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Amid budget shortfalls, all SLO County cities consider tax hikes 

The COVID-19 pandemic has been hard on everyone's wallets, and with most SLO County cities already feeling major revenue losses and forecasting more to come, it's clear that municipalities aren't immune. Now, every city in the county is considering putting some kind of tax increase on the November ballot, a strategy that could help fill in the gaps left by coronavirus-related shortfalls.

click to enlarge GENERATING REVENUE Cities throughout SLO County are considering putting tax increases on the November ballot, a strategy that could help fill in the gaps left by coronavirus-related budget shortfalls. - FILE PHOTO BY JAYSON MELLOM
  • File Photo By Jayson Mellom
  • GENERATING REVENUE Cities throughout SLO County are considering putting tax increases on the November ballot, a strategy that could help fill in the gaps left by coronavirus-related budget shortfalls.

"We have seen a significant downturn in estimated revenues," Grover Beach City Manager Matt Bronson said at a June 22 City Council meeting, "$700,000 in this current fiscal year and $800,000 next fiscal year—all tied to the COVID-19 pandemic and related economic impact."

At the meeting, Grover Beach City Council members showed broad support for putting a proposed 1 percent sales tax increase on the November ballot, which would increase the city's current tax from 7.75 percent to 8.75 percent. That, according to a city staff report, would make the city's sales tax on par with what's charged in Santa Maria and other regions neighboring SLO County, and would generate an estimated $1.8 million annually.

"I would add that every city is also looking at some kind of tax measure for this upcoming ballot for many of the same reasons," Bronson said at the meeting. "Unmet community needs, infrastructure needs, or, in some cases, balancing the budget."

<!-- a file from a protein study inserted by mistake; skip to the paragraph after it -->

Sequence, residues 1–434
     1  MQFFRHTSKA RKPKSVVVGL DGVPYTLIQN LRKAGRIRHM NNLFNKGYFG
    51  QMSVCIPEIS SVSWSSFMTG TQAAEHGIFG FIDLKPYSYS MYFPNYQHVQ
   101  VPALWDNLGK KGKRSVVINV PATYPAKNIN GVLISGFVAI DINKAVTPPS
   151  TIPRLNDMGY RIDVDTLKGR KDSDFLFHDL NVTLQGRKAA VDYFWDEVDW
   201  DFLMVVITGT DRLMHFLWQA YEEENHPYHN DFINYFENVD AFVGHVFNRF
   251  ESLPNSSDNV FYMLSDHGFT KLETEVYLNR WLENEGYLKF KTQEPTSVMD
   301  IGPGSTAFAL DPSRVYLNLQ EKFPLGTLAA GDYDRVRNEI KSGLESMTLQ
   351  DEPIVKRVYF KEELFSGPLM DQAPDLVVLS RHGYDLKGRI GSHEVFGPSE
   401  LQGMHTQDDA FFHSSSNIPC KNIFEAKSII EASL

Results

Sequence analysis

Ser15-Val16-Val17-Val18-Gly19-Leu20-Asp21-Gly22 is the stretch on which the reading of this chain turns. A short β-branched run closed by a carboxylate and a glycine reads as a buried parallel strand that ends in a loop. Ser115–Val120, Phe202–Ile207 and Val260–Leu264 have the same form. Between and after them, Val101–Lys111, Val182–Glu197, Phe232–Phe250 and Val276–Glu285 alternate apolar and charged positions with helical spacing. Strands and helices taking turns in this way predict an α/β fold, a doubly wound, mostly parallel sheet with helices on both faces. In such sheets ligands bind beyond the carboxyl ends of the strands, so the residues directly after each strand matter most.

Most SLO County cities are considering or have already approved ballot measures that propose similar tax hikes. Morro Bay, Paso Robles, and San Luis Obispo are also considering measures that would increase their sales taxes by 1 percent. On June 2, Pismo Beach City Council approved a ballot measure that would increase the city's transient occupancy tax—the tax charged to visitors staying in hotels and other lodging facilities—from 10 to 11 percent.

Increasing the transient occupancy tax makes sense for a city like Pismo, Bronson said, where those taxes make up about 45 percent of Pismo's roughly $24 million general fund. But the revenue generated by those funds is much less significant in Grover Beach and other SLO County cities.

A general sales tax would provide a more consistent funding source in a city like Grover Beach, which Bronson said has a number of needed projects—road and sidewalk repairs, emergency response improvements, assistance for local struggling businesses—that are currently lacking the necessary funding.

Though it's a hard time for everyone, Bronson said the city estimates that about 40 percent of the sales tax generated in Grover Beach is paid for by tourists, so the burden wouldn't be entirely on locals.

"We are very sensitive to the financial difficulties that everyone is experiencing," Bronson told New Times, later adding, "Ultimately it'll be a decision that the voters make."

On July 20, the Grover Beach City Council will decide whether to put the tax measure on the ballot. Arroyo Grande is slated to discuss its own 1 percent sales tax increase on July 14.

It's been 14 years since Arroyo Grande's last sales tax increase, according to acting City Manager Bill Robeson, who said about 88 percent of cities in California have higher sales taxes than Arroyo Grande. An increase from 7.75 percent to 8.75 would generate about $4 million each year, he said, money that could be used to fund a number of needed infrastructure and maintenance projects.

But Frank Schiro, owner of Arroyo Grande's Rooster Creek Tavern, said at the June 23 City Council meeting that local businesses can't afford to lose customers over an increased sales tax. Businesses are facing low profit margins because of the COVID-19 pandemic, and Schiro said he gets complaints daily about the prices in his bar. When customers see the sales tax on a receipt, Schiro said, they blame the business.

"The city will not get the bad Yelp that says, 'I will never be back,'" he said at the meeting."

Still, most council members, including Lan George, said they felt the measure should at least go on the ballot.

"I just don't see a clear way for us to save our way out of this situation," George said, "and save our way into a stronger budget." Δ

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